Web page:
Seoul Man

Nov 22, 2011

Paper and paint are the chosen medium of contemporary Korean artist CHUN KWANG YOUNG, but it’s not your typical oeuvre. PAYAL UTTAM delves into art whose beauty transcends the two-dimensional.
THROUGH A GATE and into a clearing in a forest outside Seoul lies a series of wooden steps. Snaking past trees and wild flowers, they lead to a lone glass studio with a dim entranceway. A white paper orb dangles low by the door. Inside, a small army of assistants pads around in house slippers, moving through labyrinthine rooms. This is the sanctuary of one of Korea’s most celebrated artists, Chun Kwang Young. Here he spends hours uninterrupted trans¬forming tiny packets of mulberry paper into monumental sculptures.

Recently these paper structures have been cropping up ev¬erywhere. Museums and galleries worldwide are snapping up his pieces at a quickening pace. “It’s quite dramatic, the impact of his art,” says Soyoung Lee, managing director of Seoul Auction in Hong Kong, which featured his work in its private sale last month. “He’s among the most well known Korean artists abroad.” This year ART HK invited Chun to create a public installation; his moon-like sculpture sus¬pended above the ground drew throngs of visitors to the art fair.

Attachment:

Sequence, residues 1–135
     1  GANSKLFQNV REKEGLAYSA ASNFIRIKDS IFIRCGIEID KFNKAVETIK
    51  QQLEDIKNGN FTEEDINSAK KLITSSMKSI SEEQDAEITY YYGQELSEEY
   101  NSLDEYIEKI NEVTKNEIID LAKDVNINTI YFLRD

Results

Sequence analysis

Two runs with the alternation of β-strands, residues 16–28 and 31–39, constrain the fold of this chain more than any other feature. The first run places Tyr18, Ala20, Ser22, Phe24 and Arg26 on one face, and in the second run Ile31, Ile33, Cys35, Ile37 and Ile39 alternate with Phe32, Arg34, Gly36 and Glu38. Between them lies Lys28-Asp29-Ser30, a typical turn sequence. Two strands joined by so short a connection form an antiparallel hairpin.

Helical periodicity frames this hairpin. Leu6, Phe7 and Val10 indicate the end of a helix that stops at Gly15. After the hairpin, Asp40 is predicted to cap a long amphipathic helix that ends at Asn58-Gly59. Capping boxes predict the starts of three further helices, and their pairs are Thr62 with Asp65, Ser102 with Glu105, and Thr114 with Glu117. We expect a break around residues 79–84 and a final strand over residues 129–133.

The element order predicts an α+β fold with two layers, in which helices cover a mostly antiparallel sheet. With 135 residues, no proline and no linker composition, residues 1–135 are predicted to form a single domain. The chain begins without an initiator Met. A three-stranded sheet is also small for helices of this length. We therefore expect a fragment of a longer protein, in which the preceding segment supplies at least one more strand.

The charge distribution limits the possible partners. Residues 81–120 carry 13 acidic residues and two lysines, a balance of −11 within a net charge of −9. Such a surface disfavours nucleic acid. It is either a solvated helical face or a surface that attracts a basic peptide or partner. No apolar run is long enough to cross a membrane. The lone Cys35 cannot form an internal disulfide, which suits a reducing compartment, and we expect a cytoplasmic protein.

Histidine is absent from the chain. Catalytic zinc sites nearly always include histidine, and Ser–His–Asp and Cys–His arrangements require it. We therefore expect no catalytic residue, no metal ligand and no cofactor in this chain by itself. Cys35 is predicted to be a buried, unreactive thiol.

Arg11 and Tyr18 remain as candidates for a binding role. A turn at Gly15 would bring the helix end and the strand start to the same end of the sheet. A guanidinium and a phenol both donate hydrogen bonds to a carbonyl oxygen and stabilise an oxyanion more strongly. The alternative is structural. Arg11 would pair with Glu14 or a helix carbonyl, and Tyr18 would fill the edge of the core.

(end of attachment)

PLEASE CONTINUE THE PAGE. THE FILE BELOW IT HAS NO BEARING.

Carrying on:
Contemporary Korean art has become increasingly popular in Hong Kong of late. Evelyn Lin, Sotheby’s head of con¬temporary Asian art, says, “We try to introduce new works and new [Korean] artists every season, while our collectors continue to familiarize themselves with the works of mas¬ters such as Chun Kwang Young.”

With exhibitions around the globe, it’s rare to find Chun in Seoul these days. Equally rare is an afternoon meeting with the artist. Spending up to 10 hours a day cocooned in the wilderness, he takes a meditative approach to his practice. “I don’t want anyone to break my artwork time,” says Chun solemnly. Sitting in the foyer of his workroom, he comes across as warm yet slightly absent – a compact, bespecta¬cled man with a paint-spattered shirt, suggesting a morning engrossed in work.

Chun explains that a single piece can take him several months to complete. The process begins by wrapping triangular pieces of Styrofoam with pages from historic Korean books and manuscripts. Made from mulberry bark, the paper is covered in traditional text. Chun then binds “threads” of twisted paper around the triangular parcels. Finally, he assembles the packets into sculptures and paintings coloured with vegetable dyes. What results is a mash-up of ancient Korean customs and contemporary art. The works often look like lunar landscapes with craters or crystal formations.